|Well loved, and published in 1971|
The first Open Line Cookbook, "The Best of the Open Line", was offered in 1969 and included Open Line recipes collected over the first six years of a daily radio telephone program on WMT Radio called "The Open Line", first airing in 1963. From the very beginning, recipes and questions and answers on cooking dominated the whole hour, indicating the popularity of favorite family recipes passed along for others to share and enjoy. In the first cookbook, reluctantly, some recipes had to be passed by because a 250 page cookbook will only accommodate so many recipes. A second cookbook called "The Rest of the Best of the Open Line" was offered in 1971, including some of the omitted recipes and new recipes received in the two years between the first and second cookbooks. (Source: http://www.openline.bplaced.net/book3.html)You can find some of their bulletins here: http://www.openline.bplaced.net/index.html It is an old website, at least it looks that way from the formatting. If you explore more of their links, you can find the cookbook I used for this recipe here.
The reason I categorize the recipe under "Ladies' Groups" is this quote from the back page of this book:
Open Line recipes have a special something in common. They are all a favorite in somebody's family, and are offered in the hope that someone else will share the joy of discovering a way to please their own cookie eaters...
Many of them could have become forgotten recipes, the pride of a past generation. Passing them along now will perhaps keep them alive and busy, to be enjoyed by generations to come, that remember how good Grandmother's Christmas baking always was, and now can be again in the floured hands of today's Mothers, and tomorrow's Grandmothers.To me, these are the same thoughts and motivations the Ladies' Groups have for publishing their recipes. The only difference is that these recipes don't have a name and location attributed to them. In a way, that makes me sad.
So here is to all the ladies (and gentlemen) who contributed recipes to Mr. Loyd's show and thus to his books. You are unnamed but your recipes are not forgotten!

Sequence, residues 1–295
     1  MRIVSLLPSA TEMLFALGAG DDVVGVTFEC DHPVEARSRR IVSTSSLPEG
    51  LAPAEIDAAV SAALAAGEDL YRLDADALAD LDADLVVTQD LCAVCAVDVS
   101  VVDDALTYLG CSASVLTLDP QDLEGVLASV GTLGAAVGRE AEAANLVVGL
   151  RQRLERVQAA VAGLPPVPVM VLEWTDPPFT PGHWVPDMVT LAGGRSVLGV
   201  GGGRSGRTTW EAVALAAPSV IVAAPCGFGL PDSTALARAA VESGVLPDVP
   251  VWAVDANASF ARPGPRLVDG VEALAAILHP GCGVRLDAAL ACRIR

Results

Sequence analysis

1 cup shortening
1/4 cup honey
2 cups sifted flour
1/2 teaspoon salt
2 teaspoons vanilla
1 cup chopped nuts
|And powdered sugar!|
Notice these don't use eggs or any sort of leavening! I suspect it is either an old recipe or was created during a World War when foods were rationed.
I chose a dark honey for a rich flavor. I used almonds which I chopped and lightly toasted.
After the shortening was beaten well all by itself, I added the honey and beat it some more. It was definitely creamed well!
The dough came together easily and wasn't sticky at all. Then I chilled it for about 20 minutes while the oven heated and I ate lunch.
I had to look up the approximate size of hickory nuts and settled on about 1 inch diameter. When I placed them on the cookie sheet, I wasn't sure if they would spread or not. Sure, the recipe says they are "balls" but with all that shortening I wondered if they would spread. So I spaced them widely apart. The rest of the dough went back into the refrigerator.
|Room to play|
It was time for the second batch. I spaced them closer together. In taste testing the first batch, I thought they were cooked too much. They weren't burnt but I wanted them to be softer. So I cooked the second batch for 25 minutes.
|Batch #2, closer and cooked 5 min. less|
|The twice rolled four are in the upper right corner.|
Several of us tested them. We found that the honey flavor was detected after we had been chewing the cookie for a little while. It wasn't dominant but it was there. Mostly I tasted the nuts.
The first batch was good but a bit too dry for my tastes. The second batch, cooked five minutes less, were better but I still think they should be cooked for only 15 to 20 minutes in my oven.
They were good cookies! Nutty, very slightly sweet, crunchy. The second roll in the powdered sugar only enhanced the look and did not make the cookies any sweeter. I think people who normally don't like sweet cookies would like these. I also think they would go well with coffee or tea.
Now that I know they don't spread when cooked, I would put the entire batch on one cookie sheet if I could.
Success! A handy cookie any time of year. I suspect the dough would freeze well -- and maybe would be good to shape into a log and sliced. Then the cookies would bake very quickly. It is worth a try some day.